Once the physician determines that the patient may be discharged the next day, the yellow express discharge sheet goes into the chart. Clinicians usually are able to predict the day of discharge with some degree of accuracy, Balaban says.
"It's a common occurrence that if we document that we expect a discharge to happen, it usually does. We know that it's not always going to work and that every patient is not necessarily going to be discharged just because there is an express discharge sheet in his or her chart. The majority of the time, however, the patient is discharged when it is predicted," she adds.
The hospital system's express discharge initiative aims to raise the staff's awareness of discharge and to make it a priority. "We also want to alert the patients in time for them to process everything that is in the discharge instructions, rather than telling them in the last hours when everyone is throwing information at them," Balaban says.
Once the discharge order is written and given to the health unit coordinator, the nursing staff have a goal of getting paperwork in order and discharge instructions complete within 60 minutes. This means that the orders must be processed and given to the nurse so that patient education can be completed and the patient can get ready for discharge.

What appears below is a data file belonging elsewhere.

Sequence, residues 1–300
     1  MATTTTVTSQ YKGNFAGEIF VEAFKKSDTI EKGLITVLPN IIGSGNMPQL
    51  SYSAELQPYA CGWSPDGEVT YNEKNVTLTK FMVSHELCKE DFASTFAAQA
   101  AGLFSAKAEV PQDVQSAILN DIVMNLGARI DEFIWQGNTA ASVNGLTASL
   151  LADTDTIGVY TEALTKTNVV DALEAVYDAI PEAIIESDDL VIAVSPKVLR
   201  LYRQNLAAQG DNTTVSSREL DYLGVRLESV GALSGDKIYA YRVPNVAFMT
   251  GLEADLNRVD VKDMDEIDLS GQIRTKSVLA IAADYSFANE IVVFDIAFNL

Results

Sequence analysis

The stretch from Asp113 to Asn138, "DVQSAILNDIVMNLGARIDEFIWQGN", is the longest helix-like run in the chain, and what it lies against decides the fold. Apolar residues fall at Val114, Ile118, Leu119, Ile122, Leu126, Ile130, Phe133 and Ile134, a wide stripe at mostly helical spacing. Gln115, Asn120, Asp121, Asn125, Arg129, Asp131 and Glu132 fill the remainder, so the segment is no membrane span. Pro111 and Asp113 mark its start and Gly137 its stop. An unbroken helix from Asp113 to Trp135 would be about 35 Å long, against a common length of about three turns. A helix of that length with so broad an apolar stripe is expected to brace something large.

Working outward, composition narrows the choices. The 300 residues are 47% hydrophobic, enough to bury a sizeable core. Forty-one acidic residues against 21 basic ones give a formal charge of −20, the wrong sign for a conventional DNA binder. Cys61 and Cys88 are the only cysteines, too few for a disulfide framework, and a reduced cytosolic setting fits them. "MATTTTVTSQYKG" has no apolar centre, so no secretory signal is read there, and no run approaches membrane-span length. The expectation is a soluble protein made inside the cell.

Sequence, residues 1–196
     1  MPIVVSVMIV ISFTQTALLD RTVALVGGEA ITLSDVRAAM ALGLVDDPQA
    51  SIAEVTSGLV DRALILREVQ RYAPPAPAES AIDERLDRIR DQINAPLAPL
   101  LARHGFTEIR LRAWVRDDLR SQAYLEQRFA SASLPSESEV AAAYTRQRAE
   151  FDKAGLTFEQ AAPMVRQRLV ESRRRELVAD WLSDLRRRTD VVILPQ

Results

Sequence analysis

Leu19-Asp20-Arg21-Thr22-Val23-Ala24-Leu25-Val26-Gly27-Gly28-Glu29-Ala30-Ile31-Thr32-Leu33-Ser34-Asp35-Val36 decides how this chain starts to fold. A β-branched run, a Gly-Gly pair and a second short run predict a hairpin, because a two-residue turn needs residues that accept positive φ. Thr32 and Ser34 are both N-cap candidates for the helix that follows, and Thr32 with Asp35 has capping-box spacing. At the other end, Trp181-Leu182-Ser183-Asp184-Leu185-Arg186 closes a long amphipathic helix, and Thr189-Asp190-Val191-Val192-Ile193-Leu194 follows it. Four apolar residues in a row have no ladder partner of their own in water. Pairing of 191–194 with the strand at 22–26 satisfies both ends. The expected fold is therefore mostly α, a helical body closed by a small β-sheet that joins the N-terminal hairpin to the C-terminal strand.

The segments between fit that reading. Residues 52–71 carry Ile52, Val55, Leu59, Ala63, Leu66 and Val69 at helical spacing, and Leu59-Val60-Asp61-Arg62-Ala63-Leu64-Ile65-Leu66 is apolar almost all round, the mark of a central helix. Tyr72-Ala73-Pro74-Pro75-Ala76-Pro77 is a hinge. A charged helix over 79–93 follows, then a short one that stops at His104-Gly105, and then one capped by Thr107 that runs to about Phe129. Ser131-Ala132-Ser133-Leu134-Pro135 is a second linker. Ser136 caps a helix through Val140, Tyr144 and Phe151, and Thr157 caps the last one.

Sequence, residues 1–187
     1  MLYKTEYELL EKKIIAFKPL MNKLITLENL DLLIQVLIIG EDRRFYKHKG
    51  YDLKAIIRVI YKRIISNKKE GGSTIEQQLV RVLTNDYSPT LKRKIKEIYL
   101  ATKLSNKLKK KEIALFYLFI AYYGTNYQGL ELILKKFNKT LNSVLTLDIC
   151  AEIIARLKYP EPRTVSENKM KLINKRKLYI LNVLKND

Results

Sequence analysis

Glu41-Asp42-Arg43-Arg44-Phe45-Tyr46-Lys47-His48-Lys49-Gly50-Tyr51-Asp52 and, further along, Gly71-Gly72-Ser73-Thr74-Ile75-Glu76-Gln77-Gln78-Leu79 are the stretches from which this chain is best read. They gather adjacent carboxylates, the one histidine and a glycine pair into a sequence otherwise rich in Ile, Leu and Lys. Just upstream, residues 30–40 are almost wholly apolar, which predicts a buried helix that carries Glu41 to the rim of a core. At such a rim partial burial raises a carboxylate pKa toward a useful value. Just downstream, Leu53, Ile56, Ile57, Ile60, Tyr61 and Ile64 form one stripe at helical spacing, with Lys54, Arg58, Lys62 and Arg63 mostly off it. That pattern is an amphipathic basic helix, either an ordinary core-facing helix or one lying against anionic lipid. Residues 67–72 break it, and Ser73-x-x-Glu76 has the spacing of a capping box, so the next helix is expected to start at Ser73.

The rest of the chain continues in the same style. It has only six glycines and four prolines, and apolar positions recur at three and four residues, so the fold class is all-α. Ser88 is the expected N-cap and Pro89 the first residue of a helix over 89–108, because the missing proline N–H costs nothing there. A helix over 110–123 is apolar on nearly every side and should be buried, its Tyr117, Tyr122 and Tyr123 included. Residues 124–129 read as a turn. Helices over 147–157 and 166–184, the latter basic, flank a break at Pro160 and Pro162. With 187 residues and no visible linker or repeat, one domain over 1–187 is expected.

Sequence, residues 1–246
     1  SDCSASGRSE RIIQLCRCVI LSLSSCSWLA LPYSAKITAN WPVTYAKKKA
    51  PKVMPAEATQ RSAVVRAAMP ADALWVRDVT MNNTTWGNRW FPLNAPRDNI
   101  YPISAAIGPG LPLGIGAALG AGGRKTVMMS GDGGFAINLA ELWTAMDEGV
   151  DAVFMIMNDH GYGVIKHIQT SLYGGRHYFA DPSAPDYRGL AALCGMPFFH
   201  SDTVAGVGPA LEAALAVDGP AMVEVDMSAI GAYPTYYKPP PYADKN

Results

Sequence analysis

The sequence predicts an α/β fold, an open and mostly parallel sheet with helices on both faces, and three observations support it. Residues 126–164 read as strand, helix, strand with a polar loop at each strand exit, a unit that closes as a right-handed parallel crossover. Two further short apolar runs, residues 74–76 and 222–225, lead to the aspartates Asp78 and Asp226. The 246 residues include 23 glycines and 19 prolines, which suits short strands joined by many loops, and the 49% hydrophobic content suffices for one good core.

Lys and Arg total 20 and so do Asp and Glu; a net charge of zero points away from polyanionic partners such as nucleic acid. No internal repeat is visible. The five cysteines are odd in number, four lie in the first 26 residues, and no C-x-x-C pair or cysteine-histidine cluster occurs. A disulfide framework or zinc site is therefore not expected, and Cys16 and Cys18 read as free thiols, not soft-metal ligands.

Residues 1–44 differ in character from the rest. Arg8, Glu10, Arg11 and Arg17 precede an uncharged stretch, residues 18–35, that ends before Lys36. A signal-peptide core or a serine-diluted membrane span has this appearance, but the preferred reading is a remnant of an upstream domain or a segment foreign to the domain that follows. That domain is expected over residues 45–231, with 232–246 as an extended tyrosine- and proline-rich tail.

Discharge within an hour
"This is our goal. We want to get them ready earlier and better. We want the paperwork to be done and the patient leave within that hour. We know it can't happen every time but we hope it can happen some of the time," Balaban says.
The hospital alerts the patient's family members as early as possible when a discharge is anticipated and negotiates with the family on discharge time.
The staff offer to provide transportation if the patients don't need assistance but do need a ride home.
"We absorb the cost of a cab if we can safely discharge the patient and free up a bed. In specific instances it's very effective. The patients would rather take a cab home than stay and wait," Balaban says.
The hospital has hired an access nurse, who is based out of the bed control department and floats between the units taking care of whatever is necessary to make a discharge happen and assists with new admissions coming to the hospital. The bed control staff have the big picture of what types of beds are needed and can deploy the access nurse to help free up a bed, Balaban points out.
"We have five med-surg units, two critical care units, and a short stay unit. She could be pulled anywhere by any nurse who needs help in expediting a discharge," she says.
For instance, if there is a male patient who is out of surgery and waiting for a bed, the access nurse may be sent to one of the med-surg units where a discharge is pending.
"The access nurse additionally can begin admitting new patients coming in. This is helpful for the staff nurse who may have just discharged two patients and now needs to spend her time with her other patients," Balaban says.
The access nurse component was rolled out incrementally throughout the hospital system. It worked very well at two smaller hospitals in the system. The access nurse started work at St. Joseph's in mid-April.